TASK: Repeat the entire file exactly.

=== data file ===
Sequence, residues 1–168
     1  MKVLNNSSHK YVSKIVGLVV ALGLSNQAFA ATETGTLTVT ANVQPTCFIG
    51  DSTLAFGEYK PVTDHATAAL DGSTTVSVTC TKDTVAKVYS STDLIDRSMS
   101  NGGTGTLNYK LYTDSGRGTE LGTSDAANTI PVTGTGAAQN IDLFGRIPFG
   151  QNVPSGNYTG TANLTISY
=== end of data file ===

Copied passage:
Sequence, residues 1–168
     1  MKVLNNSSHK YVSKIVGLVV ALGLSNQAFA ATETGTLTVT ANVQPTCFIG
    51  DSTLAFGEYK PVTDHATAAL DGSTTVSVTC TKDTVAKVYS STDLIDRSMS
   101  NGGTGTLNYK LYTDSGRGTE LGTSDAANTI PVTGTGAAQN IDLFGRIPFG
   151  QNVPSGNYTG TANLTISY